Yet our results are off by less than one.

Mutation rates and impacts had to be tweaked to get the kind mutation burden we would expect an optimized life form to endure, so they really don’t count as assumptions in the same sense.  They are far from reality only because prior assumptions were far from reality and in the case of impact for the sake of simplicity as well. 

So we specifically make wild assumptions and come up with tame results.  The conclusion that presses itself on us is that the absolute numbers dictating just how big a population must be to survive inbreeding or to generate a maximal growth rate or maximal stability or just how long a cycle of growth and collapse may be, these things are very insensitive to our starting assumptions.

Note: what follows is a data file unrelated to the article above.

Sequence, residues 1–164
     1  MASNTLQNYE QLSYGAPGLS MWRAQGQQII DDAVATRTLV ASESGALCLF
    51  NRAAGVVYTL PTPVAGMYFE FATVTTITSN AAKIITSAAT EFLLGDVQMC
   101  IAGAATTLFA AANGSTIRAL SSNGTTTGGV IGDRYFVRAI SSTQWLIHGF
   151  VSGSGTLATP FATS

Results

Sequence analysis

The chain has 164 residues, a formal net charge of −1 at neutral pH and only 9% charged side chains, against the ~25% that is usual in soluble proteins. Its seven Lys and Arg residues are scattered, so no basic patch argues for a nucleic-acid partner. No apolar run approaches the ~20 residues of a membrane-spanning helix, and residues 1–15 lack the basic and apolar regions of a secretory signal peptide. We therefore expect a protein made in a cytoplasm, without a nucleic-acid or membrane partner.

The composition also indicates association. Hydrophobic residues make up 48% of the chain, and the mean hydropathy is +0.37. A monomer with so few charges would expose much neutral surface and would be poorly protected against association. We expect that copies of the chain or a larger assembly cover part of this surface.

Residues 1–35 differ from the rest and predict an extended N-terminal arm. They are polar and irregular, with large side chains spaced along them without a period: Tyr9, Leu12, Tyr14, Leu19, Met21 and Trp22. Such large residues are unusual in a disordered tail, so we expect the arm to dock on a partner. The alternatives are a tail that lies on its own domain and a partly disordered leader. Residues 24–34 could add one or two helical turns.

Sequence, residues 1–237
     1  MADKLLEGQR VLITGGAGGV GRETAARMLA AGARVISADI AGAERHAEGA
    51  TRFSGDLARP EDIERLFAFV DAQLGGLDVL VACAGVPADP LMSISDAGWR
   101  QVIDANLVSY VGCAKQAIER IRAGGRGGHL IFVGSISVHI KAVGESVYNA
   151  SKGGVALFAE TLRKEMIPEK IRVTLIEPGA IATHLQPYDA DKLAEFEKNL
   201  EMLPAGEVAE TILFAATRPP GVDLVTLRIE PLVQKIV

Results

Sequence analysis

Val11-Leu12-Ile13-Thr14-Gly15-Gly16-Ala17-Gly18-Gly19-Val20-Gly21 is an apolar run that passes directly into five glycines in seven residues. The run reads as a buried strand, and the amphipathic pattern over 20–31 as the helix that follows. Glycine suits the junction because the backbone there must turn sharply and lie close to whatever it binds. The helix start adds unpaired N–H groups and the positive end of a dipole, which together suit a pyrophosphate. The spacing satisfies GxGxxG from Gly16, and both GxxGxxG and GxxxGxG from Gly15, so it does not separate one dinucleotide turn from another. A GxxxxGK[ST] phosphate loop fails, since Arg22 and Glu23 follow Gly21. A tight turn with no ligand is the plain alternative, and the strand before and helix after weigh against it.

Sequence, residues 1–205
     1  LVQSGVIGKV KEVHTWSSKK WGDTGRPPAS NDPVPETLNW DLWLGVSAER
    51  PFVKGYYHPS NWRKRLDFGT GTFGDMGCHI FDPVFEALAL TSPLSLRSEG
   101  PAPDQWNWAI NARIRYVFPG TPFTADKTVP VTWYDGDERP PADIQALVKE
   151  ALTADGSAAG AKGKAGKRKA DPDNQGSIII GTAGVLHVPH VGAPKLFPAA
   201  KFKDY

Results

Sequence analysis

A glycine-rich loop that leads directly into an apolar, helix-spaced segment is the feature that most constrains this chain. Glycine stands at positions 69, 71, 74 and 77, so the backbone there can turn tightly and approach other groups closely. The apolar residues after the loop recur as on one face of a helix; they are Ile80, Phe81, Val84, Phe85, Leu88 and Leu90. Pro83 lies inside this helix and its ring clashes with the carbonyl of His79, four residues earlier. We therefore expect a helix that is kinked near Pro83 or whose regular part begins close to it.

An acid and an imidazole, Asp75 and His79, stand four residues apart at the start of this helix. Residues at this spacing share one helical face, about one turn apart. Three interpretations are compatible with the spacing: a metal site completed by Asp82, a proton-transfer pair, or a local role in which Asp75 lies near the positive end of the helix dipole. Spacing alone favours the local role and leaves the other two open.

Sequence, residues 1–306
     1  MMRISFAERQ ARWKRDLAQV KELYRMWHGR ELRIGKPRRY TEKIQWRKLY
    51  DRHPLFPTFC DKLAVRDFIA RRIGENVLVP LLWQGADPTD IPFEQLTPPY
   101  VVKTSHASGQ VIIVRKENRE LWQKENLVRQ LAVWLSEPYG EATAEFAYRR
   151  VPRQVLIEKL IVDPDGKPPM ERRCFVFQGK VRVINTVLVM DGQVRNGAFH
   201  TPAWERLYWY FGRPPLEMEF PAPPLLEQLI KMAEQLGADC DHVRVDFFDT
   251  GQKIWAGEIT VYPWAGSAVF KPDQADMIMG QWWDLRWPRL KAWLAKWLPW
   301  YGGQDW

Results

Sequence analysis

So the hunch is this:

All species of higher animals have about the same optimum population size, at least within an order of magnitude.

Think about how weird that is.  That is to say a Florida panther on lonely patrol over his 90 mile range is a member of a gene pool that is about the same size as that of a buffalo charging across the Western Plains shoulder to shoulder with an immense herd of his fellows.

It is to say that a baleen whale that scoops up many gallons of water to strain out the krill (at least I think krill are among whale foodstuffs – if you differently, please insert the truth), that whale is member of a gene pool with about the same number of members as the populations the krill belong to. 

This hunch is subject to being tested, and the data set exists.  A study has been published: Population Size Does Not Influence Mitochondrial Genetic Diversity in Animals.  Eris Bazin, Sylvain Glémin, Nicolas Galtier SCIENCE VOL: 312 570 28 APRIL 2006.  What they did was to look at genetic studies of about 3,000 different kinds of animals.  They discovered a distribution of average population sizes the looks like this. 


Figure 1.